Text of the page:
Love for Goodness’ Sake: Plato’s Symposium

Socrates says, “In a word, then, love is wanting to possess the good forever” (206B). Naturally, it would be my inclination to agree with this statement; however, love is much more complex than Socrates’ definition. Love is the desire to always be happy, and finding goodness is the key to happiness. Love brings the good out of our souls to guide our lives. We search for goodness in love, yet surrendering to love and desire (eros) is what brings out our goodness. The happiness that love provides encourages the individual to be his or her best self, which is how we ultimately live our lives around goodness.

Plato’s Symposium teaches this catch-22: in searching for goodness in love, we discover the goodness within our own souls. A person faces choices every day; with every decision there is the option of acting morally or shamefully. Most people aim to make moral choices, but regardless of the decisions people make, every person has an inherent ability to distinguish acting shamefully and morally. Whether this ability is something a person is born with or is developed through education from one’s parents is irrelevant; it’s important to notice that individuals are aware of their acts before they love someone.

When someone falls in love—or is overcome by desire—he or she becomes acutely aware of his or her actions and usually makes a conscious effort to make good choices. In seeing the goodness of the ones a person desires, he or she is reminded of the importance of portraying one’s good qualities. This is the heart of Phaedrus’ argument, that “there is a certain guidance each person needs for his whole life…and nothing imparts this guidance…as well as Love” (178D).

He continues to argue that the best possible society would be full of lovers and their beloveds because all of its members would be constantly aware of being their best selves in the presence of their loved ones. Phaedrus contends that surrendering to eros brings out an individual’s goodness, but he doesn’t address whether this goodness exists when a person is living without Love. Aristophanes discusses his belief that people fall in love when they find the their “other half” who fills them with a sense of completeness. He tates, “It’s obvious that the soul of every lover longs for something else; his soul cannot say what it is” yet he pursues the feeling of unity and completeness that love provides (192D). This sense of wholeness comes from finding the goodness within oneself when a person is with his or her matching half. Socrates disagrees with Aristophanes’ argument because he doesn’t know that each person’s other half is good. The concept of having a matching half may provide comfort to some, but it implies that each person should only have a desire for one person.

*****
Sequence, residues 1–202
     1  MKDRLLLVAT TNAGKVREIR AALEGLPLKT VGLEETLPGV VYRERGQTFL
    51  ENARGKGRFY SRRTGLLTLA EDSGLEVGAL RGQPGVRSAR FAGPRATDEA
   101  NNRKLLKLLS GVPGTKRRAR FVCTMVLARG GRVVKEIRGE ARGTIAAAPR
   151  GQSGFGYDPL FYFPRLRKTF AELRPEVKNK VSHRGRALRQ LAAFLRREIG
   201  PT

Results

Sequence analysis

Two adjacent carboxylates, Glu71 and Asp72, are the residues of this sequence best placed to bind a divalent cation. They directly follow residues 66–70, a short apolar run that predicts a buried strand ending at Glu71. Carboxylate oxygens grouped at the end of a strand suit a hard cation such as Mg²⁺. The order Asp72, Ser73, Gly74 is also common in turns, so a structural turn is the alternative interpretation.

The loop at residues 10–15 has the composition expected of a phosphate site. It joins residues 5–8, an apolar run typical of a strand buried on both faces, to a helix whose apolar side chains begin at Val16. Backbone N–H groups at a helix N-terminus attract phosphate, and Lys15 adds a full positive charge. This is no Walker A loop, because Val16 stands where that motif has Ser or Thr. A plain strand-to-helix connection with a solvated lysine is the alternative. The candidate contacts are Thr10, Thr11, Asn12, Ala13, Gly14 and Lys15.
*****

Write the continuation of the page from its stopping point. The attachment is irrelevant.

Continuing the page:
It is very common for people to love multiple people through the course of their lives. Aristophanes may not be incorrect in saying that every soul is searching for its matching half, but the key part of his argument in this context is that when a person finds someone he or she loves, that person feels a sense of fullness. I believe this sense of feeling of fulfillment comes from rediscovering the good within oneself. The argument in the Symposium that most emphasizes this point is that of Socrates. He believes that everyone is pregnant, either physically or mentally.

Those who are pregnant physically bear children; this is their way of spreading life and goodness into the world. Those who are have a pregnant soul bear wisdom, creativity and beauty into the world. Both forms of

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pregnancy leave behind a small piece of goodness and the process of pregnancy proves that this goodness begins within the individual. A woman has most of what is required to make a baby within her body before finding a lover. She has healthy organs that make her body function, and she is capable of maintaining her body. She has eggs in her ovaries that are waiting for a lover to fertilize them.